‘NCIS’ EP Christopher Silber Confirms Fans Have 1 Major Thing Wrong About ‘Hawai’i’

NCIS is expanding its universe this fall with the debut of NCIS: Hawai’i, starring Vanessa Lachey. The new Pearl Harbor team definitely has fans talking, and they’ve got high expectations. But ahead of the premiere, executive producer Christopher Silber has confirmed that fans have gotten one major thing wrong about the new series.

Vanessa Lachey as Special Agent in Charge Jane Tennant on ‘NCIS: Hawa’i’i’
Vanessa Lachey as Special Agent in Charge Jane Tennant on ‘NCIS: Hawa’i’i’ | Karen Neal/CBS via Getty Images

Vanessa Lachey’s lead character is nothing like Mark Harmon’s Leroy Jethro Gibbs from ‘NCIS’

For 18 seasons, fans have watched Mark Harmon’s Leroy Jethro Gibbs lead his small field team in Washington, DC. The stoic character is a former Marine sniper and a man of few words. After his first wife and daughter were tragically murdered, Gibbs immersed himself into his work. He did get married three more times, but all of those unions were short-lived.

The lead character on NCIS: Hawai’i — Lachey’s Jane Tennant — is nothing like Gibbs. She’s a divorced mom of two kids — 16-year-old Alex (Kian Talan) and 10-year-old Julie (Mahina Anne Marie Napoleon).

As the Special Agent in Charge of the Pearl Harbor office, Jane leads 40 NCIS agents. But Lachey made it clear that her character “doesn’t bark orders and sit at her desk.” Instead, Jane “gets her hands dirty.”

Leroy Jethro Gibbs and his team were first introduced on ‘JAG’

The NCIS universe has always been a place for backdoor pilots. Which is a method of introducing the characters of a potential spinoff and setting up their story in an episode of the flagship series. Even Gibbs and his team were first introduced in a 2003 episode of JAG before getting their own series later that year.

In a season 6 episode of NCIS, fans met Chris O’Donnell’s G. Callen and the team from NCIS: Los Angeles before they left for their own series. Then in season 11, fans were introduced to Scott Bakula’s Dwayne Pride and the crew from NCIS: New Orleans before they headed south to their own spinoff.

The backdoor pilots made it clear that the new NCIS teams were connected to Gibbs and his team. But that’s all going to change with NCIS: Hawai’i.

Executive producer Christopher Silber confirms ‘NCIS: Hawai’i’ is not a spinoff

Just because NCIS: Hawai’i is in the same universe, that doesn’t mean it has a connection to Gibbs and his team at NCIS. According to Silber, Jane and her team at NCIS: Hawai’i are very different from the teams at Los Angeles and New Orleans. That’s because the new NCIS series is not a spinoff.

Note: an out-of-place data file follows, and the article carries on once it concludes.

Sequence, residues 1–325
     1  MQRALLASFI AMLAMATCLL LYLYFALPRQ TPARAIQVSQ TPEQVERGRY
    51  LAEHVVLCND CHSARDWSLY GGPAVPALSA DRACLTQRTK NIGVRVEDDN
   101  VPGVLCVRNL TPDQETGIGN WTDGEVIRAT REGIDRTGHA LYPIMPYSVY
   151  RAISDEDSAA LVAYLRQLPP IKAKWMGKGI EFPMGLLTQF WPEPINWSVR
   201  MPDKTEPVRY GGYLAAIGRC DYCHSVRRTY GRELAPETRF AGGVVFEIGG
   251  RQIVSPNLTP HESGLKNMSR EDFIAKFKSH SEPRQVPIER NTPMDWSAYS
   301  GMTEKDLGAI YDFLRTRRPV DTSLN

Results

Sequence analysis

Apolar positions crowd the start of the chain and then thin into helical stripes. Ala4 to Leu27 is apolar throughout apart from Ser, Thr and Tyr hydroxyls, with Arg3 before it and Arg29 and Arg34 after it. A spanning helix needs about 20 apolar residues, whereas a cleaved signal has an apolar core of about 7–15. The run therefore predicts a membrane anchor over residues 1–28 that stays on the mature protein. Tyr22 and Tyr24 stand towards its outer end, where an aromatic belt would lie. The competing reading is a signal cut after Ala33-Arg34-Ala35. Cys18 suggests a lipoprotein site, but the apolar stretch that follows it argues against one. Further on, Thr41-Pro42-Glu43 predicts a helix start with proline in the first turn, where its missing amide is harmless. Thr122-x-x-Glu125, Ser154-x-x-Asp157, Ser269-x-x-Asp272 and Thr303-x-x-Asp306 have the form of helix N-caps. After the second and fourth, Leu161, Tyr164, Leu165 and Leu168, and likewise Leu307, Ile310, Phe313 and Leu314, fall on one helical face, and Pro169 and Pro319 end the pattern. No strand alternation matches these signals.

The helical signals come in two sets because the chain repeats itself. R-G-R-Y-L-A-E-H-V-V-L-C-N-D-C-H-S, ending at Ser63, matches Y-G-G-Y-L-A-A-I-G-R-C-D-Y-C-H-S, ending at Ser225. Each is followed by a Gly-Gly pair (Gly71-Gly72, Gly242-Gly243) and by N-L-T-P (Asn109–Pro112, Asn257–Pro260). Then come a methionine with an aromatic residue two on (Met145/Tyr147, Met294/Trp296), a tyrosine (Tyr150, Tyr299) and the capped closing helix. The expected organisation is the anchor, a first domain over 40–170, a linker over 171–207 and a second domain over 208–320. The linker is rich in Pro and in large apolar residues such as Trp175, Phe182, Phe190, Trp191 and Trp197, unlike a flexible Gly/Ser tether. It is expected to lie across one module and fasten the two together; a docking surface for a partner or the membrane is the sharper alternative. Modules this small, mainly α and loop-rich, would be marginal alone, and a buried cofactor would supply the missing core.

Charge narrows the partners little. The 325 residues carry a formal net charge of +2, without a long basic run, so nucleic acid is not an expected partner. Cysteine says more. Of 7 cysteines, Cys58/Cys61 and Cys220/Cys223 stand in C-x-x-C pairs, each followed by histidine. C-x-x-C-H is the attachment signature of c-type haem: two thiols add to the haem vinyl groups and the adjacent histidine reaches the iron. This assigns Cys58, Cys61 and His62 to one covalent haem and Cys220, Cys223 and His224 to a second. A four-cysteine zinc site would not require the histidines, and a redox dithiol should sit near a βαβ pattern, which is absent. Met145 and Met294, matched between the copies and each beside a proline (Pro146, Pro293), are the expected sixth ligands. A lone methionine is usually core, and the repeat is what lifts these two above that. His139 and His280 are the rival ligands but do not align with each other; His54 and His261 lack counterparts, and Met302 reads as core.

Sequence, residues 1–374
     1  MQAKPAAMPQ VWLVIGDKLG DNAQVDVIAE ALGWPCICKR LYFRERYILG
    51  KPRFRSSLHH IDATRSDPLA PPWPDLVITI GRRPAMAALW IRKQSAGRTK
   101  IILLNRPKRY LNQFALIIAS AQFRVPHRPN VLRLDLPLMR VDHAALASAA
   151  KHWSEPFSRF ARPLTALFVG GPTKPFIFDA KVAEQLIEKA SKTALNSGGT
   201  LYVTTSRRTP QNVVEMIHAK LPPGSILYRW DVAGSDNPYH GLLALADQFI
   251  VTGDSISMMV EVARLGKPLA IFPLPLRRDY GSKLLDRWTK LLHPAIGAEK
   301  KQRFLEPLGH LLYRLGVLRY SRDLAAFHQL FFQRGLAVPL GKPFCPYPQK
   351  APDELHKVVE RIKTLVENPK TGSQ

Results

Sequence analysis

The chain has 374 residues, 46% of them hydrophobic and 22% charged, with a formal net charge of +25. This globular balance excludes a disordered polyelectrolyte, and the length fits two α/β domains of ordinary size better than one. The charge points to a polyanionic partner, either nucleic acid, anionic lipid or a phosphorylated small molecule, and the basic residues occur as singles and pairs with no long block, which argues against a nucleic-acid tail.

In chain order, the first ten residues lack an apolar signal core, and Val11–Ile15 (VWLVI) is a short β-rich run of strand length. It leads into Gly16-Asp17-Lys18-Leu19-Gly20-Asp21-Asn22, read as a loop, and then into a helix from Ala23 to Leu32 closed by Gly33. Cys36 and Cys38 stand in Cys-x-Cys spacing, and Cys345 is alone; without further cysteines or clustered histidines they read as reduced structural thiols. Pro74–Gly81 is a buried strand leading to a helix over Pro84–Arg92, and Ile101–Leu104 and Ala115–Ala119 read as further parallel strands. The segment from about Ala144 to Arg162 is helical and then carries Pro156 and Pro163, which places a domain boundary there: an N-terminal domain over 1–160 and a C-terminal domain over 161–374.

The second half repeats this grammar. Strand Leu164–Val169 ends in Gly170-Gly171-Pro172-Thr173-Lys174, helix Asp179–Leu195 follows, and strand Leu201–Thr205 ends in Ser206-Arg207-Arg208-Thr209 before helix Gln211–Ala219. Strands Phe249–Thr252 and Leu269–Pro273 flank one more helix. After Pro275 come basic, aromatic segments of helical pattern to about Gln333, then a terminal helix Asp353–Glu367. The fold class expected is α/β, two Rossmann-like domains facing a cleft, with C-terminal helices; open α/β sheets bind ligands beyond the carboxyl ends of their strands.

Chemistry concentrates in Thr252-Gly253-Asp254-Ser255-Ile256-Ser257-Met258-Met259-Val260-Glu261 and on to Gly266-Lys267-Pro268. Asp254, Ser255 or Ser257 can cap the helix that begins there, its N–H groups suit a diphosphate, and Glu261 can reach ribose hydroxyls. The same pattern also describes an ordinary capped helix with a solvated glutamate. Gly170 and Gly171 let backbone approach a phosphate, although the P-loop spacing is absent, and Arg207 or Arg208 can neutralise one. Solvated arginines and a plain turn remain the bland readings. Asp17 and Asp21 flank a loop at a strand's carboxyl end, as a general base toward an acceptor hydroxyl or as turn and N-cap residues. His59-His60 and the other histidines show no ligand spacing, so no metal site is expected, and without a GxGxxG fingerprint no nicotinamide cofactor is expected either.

“We live in the same universe, but every one of them [LA and NOLA] were spinoffs,” Silber explained to TV Insider. “We don’t make any connection to the other shows.”

Did the ‘Hawaii’ team learn something from the failed ‘Red’?

With NCIS being the most-watched drama on TV — and the fact that it’s already had two successful spinoffs — it may come as a surprise to learn that the franchise actually had a failure. Back in 2013, NCIS: Los Angeles attempted to launch the spinoff NCIS: Red with a backdoor pilot.

Los Angeles aired a two-part special event that featured the episodes “Red” and Red-2,” that saw the LA team working with a specialized mobile team known as NCIS: Red.

The Red team featured actors John Corbett, Scott Grimes, Edwin Hodge, Gillian Alexy, and Kim Raver. They helped Callen work a murder that quickly turned into suspected terrorism. The intent was to launch a new series, but it never happened. CBS opted not to pick up Red for their primetime lineup that fall without giving a specific reason.

The Hawaii characters are key in the new ‘NCIS’ series

Even though the network didn’t explain why they passed on NCIS: Red, one critic blamed the failure on the underdeveloped characters.

“I’ve been fans of both Kim Raver and John Corbett on other shows, but their characters were too bland here,” TV Fanatic critic Carla Day wrote at the time. “I’ve written before that Raver exudes so much chemistry, she could have a relationship with a wall and it would be believable. I missed that in her performance here, but that’s because of the character, not her.”

Since fans haven’t gotten the chance to meet Jane Tennant and her team before the NCIS: Hawai’i premiere, could that be a problem for the new series? Will fans want to follow this new team, even though they have no connection to the rest of the NCIS universe? Will these new characters live up to fan expectations?

Fans will finally get the chance to meet Jane Tennant and the team when NCIS: Hawai’i premieres Monday, Sept. 20 on CBS.

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